For successful learning, nothing is better than failing

Being wrong is a way to learn. Providing that you identify your mistake. And in many games, it makes the player reach the optimal gameplay or understand the goal. This kind of mechanics is very useful in gamification when the user has to learn something on his/her own.


Die and retry. It’s both the name and the motto of a type of game that has many fans. It’s about facing increasing difficulties leading to the death of your character. And then trying again with a different strategy.

But it’s not about losing because of bad playability, graphic bugs or balance problem. Neither is it about this illness commonly affecting FIFA players and known as the “Myremotecontrolisbroken” syndrome. Gamers know it, losing because of bad level design is extremely frustrating and leads to insults hurled at screens, violence against keyboards and “rage quits”.

What we are going to talk about here is the inherent difficulty that forces the player to redo, to try a new strategy, to be more focused.

But why would one wallow in such masochism? Well, the answer is in the title. And in the featured image. And coming right after this colon: learning by trial and error! If you can identify yourself the reason of a fail, find the “why” even without the “because”, it’s already the beginning of a victory.


“We learn to walk by stumbling”

– Bulgarian proverb

As this Belgian teacher explains (link in French), failure is primordial to learning. He draws a parallel between learning and the time we spend trying to walk. Stand up. Falter. Fall. Stand up again. Try all the vertical positions possible, find the optimal balance, and finally do those steps forward.

During a learning process, understanding the mistakes (lack of implication, of focus, of listening, etc.) is a step forward to the solution.

In Slice Fraction, mistakes are part of the game. Created for kids, it aims at teaching fractions. The player is immersed very quickly in this environment full of volcanos, ice blocks and woolly mammoths, without the step of tedious explanations about what fractions are. And it’s better like that! The other side of the coin: at a certain point, the kid will make a mistake. But after trying again, he will intuitively understand the solution thanks to an educational and playful visual environment.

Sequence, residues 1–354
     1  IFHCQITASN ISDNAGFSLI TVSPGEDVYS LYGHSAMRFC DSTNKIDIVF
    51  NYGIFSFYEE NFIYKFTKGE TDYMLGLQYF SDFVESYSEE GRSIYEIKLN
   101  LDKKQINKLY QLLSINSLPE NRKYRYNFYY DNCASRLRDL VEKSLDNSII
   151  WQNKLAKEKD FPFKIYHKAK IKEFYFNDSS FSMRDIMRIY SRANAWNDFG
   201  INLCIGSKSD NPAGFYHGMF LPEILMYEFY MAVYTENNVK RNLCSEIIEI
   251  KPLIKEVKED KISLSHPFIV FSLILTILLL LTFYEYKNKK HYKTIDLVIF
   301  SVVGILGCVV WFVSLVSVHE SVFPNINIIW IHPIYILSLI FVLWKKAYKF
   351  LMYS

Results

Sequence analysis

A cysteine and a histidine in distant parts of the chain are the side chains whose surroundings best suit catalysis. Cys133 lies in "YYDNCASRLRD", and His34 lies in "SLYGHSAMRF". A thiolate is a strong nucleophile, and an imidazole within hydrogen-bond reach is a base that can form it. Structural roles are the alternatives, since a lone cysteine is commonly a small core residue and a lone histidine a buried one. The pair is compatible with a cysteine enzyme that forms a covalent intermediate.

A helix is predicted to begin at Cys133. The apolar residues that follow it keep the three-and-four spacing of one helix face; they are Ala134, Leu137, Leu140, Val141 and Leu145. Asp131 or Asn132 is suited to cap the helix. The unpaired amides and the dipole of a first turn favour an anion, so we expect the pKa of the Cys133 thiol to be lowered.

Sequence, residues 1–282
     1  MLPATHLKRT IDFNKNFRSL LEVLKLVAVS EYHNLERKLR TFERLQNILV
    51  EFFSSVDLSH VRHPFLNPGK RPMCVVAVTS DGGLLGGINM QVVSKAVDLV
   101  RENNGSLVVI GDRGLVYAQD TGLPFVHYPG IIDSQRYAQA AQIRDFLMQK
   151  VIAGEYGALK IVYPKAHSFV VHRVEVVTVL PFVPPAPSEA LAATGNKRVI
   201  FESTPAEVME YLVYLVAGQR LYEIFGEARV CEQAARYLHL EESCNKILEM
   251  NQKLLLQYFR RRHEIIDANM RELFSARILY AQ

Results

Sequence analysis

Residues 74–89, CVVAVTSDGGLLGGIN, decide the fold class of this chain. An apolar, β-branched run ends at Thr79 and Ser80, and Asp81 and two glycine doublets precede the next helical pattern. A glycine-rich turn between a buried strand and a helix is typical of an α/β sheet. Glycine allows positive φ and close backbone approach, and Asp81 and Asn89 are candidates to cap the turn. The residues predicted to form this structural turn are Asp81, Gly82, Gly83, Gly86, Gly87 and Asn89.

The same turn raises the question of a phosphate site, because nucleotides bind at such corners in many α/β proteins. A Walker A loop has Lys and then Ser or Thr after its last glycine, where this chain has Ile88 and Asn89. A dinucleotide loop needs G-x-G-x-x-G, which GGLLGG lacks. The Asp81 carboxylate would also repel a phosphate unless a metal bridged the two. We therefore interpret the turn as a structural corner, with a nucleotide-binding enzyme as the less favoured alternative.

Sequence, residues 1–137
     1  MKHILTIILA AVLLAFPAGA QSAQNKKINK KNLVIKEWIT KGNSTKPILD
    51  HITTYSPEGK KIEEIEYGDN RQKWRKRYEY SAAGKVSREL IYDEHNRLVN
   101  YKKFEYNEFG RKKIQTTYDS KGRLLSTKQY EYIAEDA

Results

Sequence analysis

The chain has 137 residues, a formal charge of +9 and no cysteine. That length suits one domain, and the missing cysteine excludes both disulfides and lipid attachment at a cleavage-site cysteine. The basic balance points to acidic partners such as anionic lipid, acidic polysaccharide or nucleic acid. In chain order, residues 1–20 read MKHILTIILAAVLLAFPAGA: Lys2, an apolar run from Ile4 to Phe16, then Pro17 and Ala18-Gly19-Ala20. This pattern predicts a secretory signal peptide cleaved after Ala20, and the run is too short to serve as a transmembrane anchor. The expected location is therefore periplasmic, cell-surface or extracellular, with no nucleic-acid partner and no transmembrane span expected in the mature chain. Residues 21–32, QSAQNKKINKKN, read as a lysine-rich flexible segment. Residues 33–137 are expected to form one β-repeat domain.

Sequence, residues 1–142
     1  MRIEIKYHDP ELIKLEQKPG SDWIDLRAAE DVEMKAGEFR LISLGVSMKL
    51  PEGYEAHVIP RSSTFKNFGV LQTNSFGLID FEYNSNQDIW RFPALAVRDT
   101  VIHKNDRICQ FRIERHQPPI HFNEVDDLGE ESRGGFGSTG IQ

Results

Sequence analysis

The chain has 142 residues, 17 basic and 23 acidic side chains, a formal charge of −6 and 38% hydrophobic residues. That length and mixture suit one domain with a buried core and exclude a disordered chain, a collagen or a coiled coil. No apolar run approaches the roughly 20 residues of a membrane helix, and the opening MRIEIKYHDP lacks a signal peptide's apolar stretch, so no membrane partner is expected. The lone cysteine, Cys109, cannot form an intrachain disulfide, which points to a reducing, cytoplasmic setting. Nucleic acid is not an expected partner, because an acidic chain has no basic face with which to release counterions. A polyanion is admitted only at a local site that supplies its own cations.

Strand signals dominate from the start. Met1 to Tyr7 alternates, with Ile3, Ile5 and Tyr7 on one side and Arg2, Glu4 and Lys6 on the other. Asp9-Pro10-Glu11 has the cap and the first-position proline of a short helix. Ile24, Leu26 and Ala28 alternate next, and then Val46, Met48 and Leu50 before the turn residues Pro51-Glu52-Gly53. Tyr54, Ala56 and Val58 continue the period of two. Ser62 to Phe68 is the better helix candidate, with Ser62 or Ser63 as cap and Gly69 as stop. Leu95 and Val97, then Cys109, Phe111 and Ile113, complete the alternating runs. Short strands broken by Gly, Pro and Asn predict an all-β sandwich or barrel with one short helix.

On top of that you can add the pleasure felt when you overcome an obstacle. The more difficult this one is, the bigger the feeling of achievement will be.


“To err is human” 

– Seneca

In a non-game context, when gamifying a system – especially an e-learning one – it is important to set obstacles. A user trying to understand a process will understand it even better facing difficulties to overcome himself. And if it allows him to avoid a tutorial or many explanations, it’s a double-bonus-combo!

Silent Teacher is a game to learn how to code. You are guided by a teacher, caged, with their hands tied. A dream for many students. Therefore, all he can do is nod to indicate if your answer is correct or not, but he’s unable to explain why. If you want to understand, you’re on your own! (Sequestration is not so cool, finally, right? On top of being illegal, of course…)

Image Silent Teacher, Toxicode.

You may be skeptical of this method. But by dint of testing, trying, failing, you end up finding the right answer yourself. Understanding doesn’t depend anymore on how a teacher explains, but only on you! You evolve at your own pace, using your own mental gymnastics.To succeed, you don’t just need to study until you know the lesson by heart, but to understand how it works. And in the end, it works!

Oddly, the only complication appears when you give a correct answer. If you answer something randomly, or if your intuition leads you to it but without understanding exactly why, then you won’t really understand how it works. But you’ll just have to test your “theory” on the next question. Because, indeed, you’ll be allowed to reach the next level only if you answer a number of consecutive questions correctly.

Last bonus: as there is absolutely no explanation (and since coding is itself a language), no need to translate the game in many languages to have it played all over the world!


Feature image: Giulia Forsythe, Flickr.

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